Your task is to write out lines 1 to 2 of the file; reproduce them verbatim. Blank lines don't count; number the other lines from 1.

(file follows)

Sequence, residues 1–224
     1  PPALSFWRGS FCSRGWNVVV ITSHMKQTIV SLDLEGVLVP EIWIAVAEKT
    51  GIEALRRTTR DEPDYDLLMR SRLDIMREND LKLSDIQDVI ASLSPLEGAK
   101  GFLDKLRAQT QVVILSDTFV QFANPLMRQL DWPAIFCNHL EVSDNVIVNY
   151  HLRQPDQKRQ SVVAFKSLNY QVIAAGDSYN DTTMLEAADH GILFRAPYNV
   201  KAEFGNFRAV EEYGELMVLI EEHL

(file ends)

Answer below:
Sequence, residues 1–224
     1  PPALSFWRGS FCSRGWNVVV ITSHMKQTIV SLDLEGVLVP EIWIAVAEKT